The Girl with the Windup Heart Page 28

“Are we going to be in trouble?” Mila asked when they were alone.

Jack looked at the broken door and the blood on the foyer floor. A handful of servants stood in the hall, dressed in their nightclothes, watching them curiously. “No. Blackhurst won’t ever bother us again.” Then he offered her his hand—it was just as bloody and battered as hers, the skin of his knuckles torn open. She entwined her fingers with his and squeezed.

Jack smiled at her. “Let’s go home.”

They made the drive back to Whitechapel at street level. Mila was silent until they were inside the house. Gracie met them at the door, and seeing that all was well, left to go back to Mrs. Rhodes’s where she had secured her old room. Jack loaned her his steam carriage for the trip. Then he and Mila went into the parlor where there was still a hole in the ceiling and plaster dust on the carpet.

“It seems like I did this years ago,” Mila remarked.

“You’re still going to pay for it,” he told her with a cheeky grin.

She smiled—a little. “Jack, you didn’t need to rescue me.”

“Yeah, I did.” All traces of humor were gone now. “Mila, I’ve been a wreck since you left. Whatever lesson you wanted to teach me, I’ve learned it. Just say that you’re home to stay.”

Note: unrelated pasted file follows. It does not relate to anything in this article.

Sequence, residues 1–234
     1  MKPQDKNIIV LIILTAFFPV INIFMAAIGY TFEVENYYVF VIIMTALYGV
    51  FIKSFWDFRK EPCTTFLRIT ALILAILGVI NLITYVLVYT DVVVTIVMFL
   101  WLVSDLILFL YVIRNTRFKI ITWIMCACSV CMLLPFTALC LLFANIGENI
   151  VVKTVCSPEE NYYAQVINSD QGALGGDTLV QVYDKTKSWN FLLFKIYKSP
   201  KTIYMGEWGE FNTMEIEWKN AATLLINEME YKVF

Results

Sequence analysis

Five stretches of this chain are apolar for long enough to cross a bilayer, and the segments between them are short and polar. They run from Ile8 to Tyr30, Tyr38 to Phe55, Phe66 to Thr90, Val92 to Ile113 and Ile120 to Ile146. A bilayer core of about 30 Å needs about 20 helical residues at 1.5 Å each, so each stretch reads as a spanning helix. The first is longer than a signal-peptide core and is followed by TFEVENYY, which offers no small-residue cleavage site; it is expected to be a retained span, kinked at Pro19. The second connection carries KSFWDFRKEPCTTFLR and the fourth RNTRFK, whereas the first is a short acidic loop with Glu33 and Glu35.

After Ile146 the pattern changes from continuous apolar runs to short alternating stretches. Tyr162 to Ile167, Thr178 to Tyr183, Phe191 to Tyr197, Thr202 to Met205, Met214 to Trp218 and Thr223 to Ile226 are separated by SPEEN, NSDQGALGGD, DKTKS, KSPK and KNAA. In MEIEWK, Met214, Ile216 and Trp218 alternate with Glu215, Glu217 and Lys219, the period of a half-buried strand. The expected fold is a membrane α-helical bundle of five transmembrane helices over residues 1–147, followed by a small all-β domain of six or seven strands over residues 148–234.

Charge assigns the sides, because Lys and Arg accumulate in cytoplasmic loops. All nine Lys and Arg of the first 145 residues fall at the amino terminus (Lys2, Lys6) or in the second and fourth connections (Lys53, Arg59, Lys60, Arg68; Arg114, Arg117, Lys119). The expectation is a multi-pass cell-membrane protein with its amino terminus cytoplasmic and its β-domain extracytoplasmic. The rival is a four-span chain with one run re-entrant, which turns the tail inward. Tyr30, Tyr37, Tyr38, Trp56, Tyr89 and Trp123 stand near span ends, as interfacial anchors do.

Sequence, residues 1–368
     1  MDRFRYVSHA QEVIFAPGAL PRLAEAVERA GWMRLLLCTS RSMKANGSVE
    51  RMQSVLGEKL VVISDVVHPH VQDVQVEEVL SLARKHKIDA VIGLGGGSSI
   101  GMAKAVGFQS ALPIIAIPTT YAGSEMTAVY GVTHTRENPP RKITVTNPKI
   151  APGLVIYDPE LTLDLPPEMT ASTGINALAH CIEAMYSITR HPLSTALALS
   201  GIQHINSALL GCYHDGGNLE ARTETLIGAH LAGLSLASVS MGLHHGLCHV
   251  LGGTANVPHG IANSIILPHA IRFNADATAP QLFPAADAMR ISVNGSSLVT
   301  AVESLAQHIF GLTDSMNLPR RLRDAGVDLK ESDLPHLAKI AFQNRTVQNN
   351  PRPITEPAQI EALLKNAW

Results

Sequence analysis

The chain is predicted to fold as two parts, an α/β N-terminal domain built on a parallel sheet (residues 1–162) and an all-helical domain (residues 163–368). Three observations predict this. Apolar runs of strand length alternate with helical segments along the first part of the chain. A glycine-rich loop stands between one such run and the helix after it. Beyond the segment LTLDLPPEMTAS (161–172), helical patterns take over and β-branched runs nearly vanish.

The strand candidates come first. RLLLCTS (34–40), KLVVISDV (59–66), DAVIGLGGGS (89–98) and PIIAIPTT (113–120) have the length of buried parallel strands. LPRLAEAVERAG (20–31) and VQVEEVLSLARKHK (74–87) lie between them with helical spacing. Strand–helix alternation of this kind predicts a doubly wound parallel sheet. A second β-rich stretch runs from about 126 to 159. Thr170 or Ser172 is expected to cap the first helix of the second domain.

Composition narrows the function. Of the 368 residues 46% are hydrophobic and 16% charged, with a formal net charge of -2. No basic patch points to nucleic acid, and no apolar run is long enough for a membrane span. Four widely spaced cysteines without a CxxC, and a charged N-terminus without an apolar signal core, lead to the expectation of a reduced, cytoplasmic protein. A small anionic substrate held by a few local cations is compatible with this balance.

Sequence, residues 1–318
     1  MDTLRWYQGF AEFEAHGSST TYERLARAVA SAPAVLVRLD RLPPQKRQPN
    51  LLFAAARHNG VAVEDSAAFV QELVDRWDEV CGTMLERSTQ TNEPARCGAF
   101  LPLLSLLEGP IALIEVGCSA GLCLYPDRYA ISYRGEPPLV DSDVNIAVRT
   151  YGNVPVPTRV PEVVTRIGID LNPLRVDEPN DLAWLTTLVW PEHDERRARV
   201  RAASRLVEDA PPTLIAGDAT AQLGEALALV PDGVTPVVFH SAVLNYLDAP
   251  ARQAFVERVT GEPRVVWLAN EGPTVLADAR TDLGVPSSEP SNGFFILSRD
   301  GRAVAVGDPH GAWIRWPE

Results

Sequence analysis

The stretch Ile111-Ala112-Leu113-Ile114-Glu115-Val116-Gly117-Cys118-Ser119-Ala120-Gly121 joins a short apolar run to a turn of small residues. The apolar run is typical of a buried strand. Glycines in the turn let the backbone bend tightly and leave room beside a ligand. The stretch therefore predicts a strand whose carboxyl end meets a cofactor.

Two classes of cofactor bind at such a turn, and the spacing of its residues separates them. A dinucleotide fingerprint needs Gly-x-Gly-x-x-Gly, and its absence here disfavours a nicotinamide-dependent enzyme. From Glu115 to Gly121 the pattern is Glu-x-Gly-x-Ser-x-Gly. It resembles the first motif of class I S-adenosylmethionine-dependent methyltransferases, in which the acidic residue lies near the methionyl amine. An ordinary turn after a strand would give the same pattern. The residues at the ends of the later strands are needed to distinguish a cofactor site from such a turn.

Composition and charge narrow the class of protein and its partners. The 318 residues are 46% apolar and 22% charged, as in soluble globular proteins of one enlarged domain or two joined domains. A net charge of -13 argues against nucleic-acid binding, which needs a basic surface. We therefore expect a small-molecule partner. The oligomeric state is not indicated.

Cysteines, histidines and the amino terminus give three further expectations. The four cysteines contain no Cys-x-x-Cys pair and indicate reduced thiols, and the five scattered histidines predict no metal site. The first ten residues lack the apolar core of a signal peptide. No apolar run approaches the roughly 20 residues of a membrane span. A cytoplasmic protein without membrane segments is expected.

She swallowed, eyes wide. “I wasn’t trying to teach you anything. No, that’s not true. I suppose I wanted you to see that I’m a girl, Jack. A real girl, but now I know that I still have so much to learn about what it is to be human. I’m not sure I’ll ever understand. I just wanted you to miss me a little, to want me like I want you.”

The sorrow in her gaze broke his heart. “Real? Of course you’re real. Miss you? Want you? Bloody hell, poppet. Why do you think I stopped you that day when you kissed me? I want you too much. Mila, I...” When wonder lit her eyes he was struck momentarily speechless. Gutless. Courage, Jack. “I love you.” It took every ounce of his strength to say those words and wait for her reaction.

She stared at him.

Jack arched a brow. “Normally a girl has a response when a bloke makes such a declaration.”

Mila burst into tears and sank onto the sofa.

Alarmed, Jack sat down with her. “Poppet? Are you...all right?” Seemed like a ridiculous question. Had he been wrong? Did she not feel the same? Had he ruined everything? He cursed himself for being an idiot, but then she threw her arms around him and showered his face with kisses and tears, knocking him onto his back on the cushions. He laughed.

“We have to go to the séance,” she told him between kisses.

What the devil did that have to do with anything? “All right.”